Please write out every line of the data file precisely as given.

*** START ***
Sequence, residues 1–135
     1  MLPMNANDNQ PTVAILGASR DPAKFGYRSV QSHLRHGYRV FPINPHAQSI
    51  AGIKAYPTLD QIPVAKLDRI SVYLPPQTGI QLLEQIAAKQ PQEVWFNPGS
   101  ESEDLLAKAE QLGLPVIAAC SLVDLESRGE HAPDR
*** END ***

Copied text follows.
Sequence, residues 1–135
     1  MLPMNANDNQ PTVAILGASR DPAKFGYRSV QSHLRHGYRV FPINPHAQSI
    51  AGIKAYPTLD QIPVAKLDRI SVYLPPQTGI QLLEQIAAKQ PQEVWFNPGS
   101  ESEDLLAKAE QLGLPVIAAC SLVDLESRGE HAPDR